B)dialectical materialism.

C)social facts.
D)value-free sociology.
Feedback: Marx's concept of social change is discussed on pages 1011. Try again.


Which of the following was supported by Durkheim's study of suicide?

A)Catholics had higher rates of suicide than Protestants.
B)Rates of suicide were higher in times of war than in times of peace.
C)Rates of suicide were lower in times of recession than in times of
economic stability.
D)Individuals who were enmeshed in meaningful social bonds were less
inclined to commit suicide.
Feedback: Rates of suicide were lower in times of economic stability.
See page 12 for an overview of Durkheim's findings. Try again.


What major contribution did W.E.B. DuBois make to sociology?

A)He developed a theoretical understanding of racial inequality.
B)He conducted research on the upper classes of Philadelphia.
C)He chaired the first Department of Sociology at the University of
D)none of the above
Feedback: See page 14 to learn more about W.E.B. DuBois's
contributions to society and to American culture.


Contemporary sociology includes:

A)evolutionary relativism.
B)liberal feminism and explicit examination of women's social roles and
C)postmodernism, feminism, and critical theory.
D)a combination of biological theory, conflict theory, and evolutionary
Feedback: Conflict theory was developed before contemporary
sociology. See pages 15-18 for a discussion of contemporary
sociology. Try again.



Students at Bailey University staged a sit-in to protest the University's

decision to cancel its longstanding policy of exempting graduating seniors
from final exams. Which theoretical perspective provides the strongest
framework for analyzing this situation?
A)Interactionist, because the University and the students didn't share
the same understanding about final exams.
B)Conflict, because this is an example of a power struggle between two
groups with conflicting ideas and interests.
C)Functionalist, because teaching college students to protest is a
manifest function of education.
D)none of the above
Feedback: While teaching students about the world in which they
live is a manifest function of education, teaching students to protest
is not. See pages 18-20 for a discussion of the functionalist
perspective. Try again.



One purpose of education is to help students acquire the skills they need to
be successful in society. This is an example of a(n):
A)constructed reality.
B)latent function.
C)manifest function.
D)entrenched function.
Feedback: This is a made-up term. Try again.



Constructed reality is:

A)the ability to control the behavior of others.
B)the principle that meaning derives from social interaction in daily life.
C)the observed consequences that permit the adaptation or adjustment
of a system.
D)an artificial explanation of culture that exists apart from any social
reality or shared social meaning.
Feedback: This is the definition of power. See page 22 for a
discussion of constructed reality. Try again.



In the library, Louanne observes a woman sitting at a table by herself. A man

comes up and sits at the other end of the table. The woman frowns and
shakes her head "no." The man gets up and moves to another table. Louanne
concludes that the woman did not want to share a study table. The
theoretical perspective Louanne is using is:
A)the conflict perspective.
B)the functionalist perspective.
C)the interactionist perspective.
D)none of the above.
Feedback: Louanne is not conducting a macrosociological analysis of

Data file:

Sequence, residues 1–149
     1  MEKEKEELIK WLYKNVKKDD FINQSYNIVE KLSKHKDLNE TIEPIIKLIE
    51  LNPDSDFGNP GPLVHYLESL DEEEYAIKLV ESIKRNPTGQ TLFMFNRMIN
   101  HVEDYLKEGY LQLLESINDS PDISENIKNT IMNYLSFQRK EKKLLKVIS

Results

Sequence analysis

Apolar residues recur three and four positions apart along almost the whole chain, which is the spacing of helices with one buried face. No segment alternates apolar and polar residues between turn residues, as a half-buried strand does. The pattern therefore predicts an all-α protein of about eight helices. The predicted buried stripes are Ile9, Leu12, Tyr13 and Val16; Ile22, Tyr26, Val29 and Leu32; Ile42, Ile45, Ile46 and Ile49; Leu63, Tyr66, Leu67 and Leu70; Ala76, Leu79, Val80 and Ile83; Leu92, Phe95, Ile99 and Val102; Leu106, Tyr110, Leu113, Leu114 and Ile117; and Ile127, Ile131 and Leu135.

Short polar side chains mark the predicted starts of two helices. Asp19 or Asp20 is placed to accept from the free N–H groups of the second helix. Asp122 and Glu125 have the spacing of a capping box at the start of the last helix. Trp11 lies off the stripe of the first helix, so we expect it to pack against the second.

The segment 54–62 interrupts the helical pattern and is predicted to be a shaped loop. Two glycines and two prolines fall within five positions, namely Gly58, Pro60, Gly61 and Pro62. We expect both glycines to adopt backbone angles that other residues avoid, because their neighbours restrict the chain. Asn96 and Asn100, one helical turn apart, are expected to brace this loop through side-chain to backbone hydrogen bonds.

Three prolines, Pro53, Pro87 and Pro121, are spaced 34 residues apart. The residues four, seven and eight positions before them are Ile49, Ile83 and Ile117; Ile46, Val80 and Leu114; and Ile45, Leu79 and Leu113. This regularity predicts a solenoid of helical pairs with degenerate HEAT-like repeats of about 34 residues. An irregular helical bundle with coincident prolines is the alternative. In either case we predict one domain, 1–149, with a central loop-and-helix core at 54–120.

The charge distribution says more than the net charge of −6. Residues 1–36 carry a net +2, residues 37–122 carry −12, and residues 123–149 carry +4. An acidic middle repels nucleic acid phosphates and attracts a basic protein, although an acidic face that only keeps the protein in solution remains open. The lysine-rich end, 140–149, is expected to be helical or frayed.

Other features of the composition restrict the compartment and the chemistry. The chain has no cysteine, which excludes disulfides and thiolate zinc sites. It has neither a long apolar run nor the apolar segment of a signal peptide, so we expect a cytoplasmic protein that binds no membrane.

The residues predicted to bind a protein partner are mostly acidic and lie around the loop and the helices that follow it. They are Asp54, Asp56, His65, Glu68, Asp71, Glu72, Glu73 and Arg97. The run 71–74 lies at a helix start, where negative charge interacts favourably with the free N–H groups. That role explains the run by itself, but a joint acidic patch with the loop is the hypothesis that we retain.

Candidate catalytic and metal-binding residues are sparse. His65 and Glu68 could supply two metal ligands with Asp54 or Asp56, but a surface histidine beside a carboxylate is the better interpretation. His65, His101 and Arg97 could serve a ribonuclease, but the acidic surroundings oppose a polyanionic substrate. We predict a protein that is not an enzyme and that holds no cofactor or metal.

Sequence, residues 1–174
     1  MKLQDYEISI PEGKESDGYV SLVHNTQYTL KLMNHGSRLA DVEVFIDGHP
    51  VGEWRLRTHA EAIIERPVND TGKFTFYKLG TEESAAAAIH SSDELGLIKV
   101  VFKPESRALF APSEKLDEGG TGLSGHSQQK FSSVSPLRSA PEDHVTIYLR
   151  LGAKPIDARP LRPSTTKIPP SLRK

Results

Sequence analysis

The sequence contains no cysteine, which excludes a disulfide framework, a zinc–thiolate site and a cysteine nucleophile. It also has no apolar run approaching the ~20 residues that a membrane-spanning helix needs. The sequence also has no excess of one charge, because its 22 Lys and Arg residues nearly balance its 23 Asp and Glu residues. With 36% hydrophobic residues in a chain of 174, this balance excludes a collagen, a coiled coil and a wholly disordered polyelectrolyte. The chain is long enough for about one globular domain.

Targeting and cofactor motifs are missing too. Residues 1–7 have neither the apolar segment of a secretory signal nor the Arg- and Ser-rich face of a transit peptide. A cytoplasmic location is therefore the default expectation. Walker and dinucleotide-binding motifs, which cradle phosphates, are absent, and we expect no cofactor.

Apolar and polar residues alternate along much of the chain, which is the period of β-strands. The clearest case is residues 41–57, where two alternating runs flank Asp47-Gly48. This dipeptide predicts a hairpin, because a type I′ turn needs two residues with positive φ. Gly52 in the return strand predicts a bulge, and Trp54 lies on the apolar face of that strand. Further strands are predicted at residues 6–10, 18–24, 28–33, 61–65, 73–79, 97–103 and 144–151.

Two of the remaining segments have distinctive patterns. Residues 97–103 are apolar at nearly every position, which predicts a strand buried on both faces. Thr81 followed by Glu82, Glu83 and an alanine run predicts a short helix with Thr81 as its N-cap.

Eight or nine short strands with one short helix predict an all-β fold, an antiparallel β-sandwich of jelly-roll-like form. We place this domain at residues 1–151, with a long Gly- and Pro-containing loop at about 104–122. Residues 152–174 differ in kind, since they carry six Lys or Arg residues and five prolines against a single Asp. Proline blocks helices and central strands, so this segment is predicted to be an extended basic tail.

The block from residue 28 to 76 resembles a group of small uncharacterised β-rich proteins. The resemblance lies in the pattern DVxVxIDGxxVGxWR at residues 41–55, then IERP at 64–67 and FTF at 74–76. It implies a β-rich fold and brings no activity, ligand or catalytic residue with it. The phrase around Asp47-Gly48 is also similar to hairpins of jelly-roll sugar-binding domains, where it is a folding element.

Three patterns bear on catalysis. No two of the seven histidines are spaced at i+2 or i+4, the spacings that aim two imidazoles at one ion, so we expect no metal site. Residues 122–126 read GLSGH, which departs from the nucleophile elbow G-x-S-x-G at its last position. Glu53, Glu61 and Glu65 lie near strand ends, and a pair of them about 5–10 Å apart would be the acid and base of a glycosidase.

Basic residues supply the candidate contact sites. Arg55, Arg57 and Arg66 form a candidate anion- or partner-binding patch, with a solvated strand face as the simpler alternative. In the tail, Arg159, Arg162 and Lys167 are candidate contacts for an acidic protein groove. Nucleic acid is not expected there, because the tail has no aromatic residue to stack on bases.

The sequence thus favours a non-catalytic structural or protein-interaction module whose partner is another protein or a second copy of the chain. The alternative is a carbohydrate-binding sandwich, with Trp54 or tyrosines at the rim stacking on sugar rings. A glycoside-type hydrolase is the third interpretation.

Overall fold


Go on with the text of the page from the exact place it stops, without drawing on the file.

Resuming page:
social change and power. See pages 18-24 for discussion of the three
perspectives. Try again.


UNANSWERED In her research on nannies, Wrigley:

A)was easily able to tap into the social world of nannies and their
relationships with their employers.
B)used field methods of intensive interviewing and participant
C)found nannies eager to talk to her, even to be tape recorded.
D)was unable to speak with employers because of their busy schedules.



In an experiment, two groups are identical except for the change that
researchers introduce into one group. That group is called:
A)the contaminated group.
B)the control group.
C)the experimental group.
D)the neutral standard.
Feedback: See pages 26-27 for more information about the
experimental setting.



When conducting social research, what is the next step in the scientific
method after a review of the literature?
A)collecting data

B)choosing a research design

C)selecting a researchable problem
D)formulating a hypothesis
Feedback: You cannot collect data until you know what data to collect
and how to collect it. See the chart on page 33 for an overview of all
the steps in the scientific method. Try again.



A)is one of the easiest tools for sociological inquiry because it requires
only good note taking.
B)is not subject to the same controls that are applied to other methods.
C)requires the involvement of the researcher in the activity being
D)may be unobtrusive or participant.
Feedback: Observation is subject to the same controls as other types
of scientific investigation. See pages 28-29 for more information
about observation. Try again.



A)are exempt from the considerations of research ethics that govern
biological researchers.
B)have not been able to agree on a code of ethics.
C)enjoy the same privileges as attorneys in protecting subjects'
D)should obtain informed consent in cases where subjects may be
exposed to risks of research that are greater than the risks of
everyday life.
Feedback: See page 35 for a discussion of research ethics that
sociologists are expected to observe. Try again.



The authors explain that feminist research methodology:

A)is an approach to research which emphasizes inclusion, fairness, and
B)places its main emphasis on concrete theories.
C)stresses that all human emotions are to be ignored.
D)all of the above



Which of the following research methods uses existing records?

A)survey research
B)questionnaire research
C)archival research
D)observational research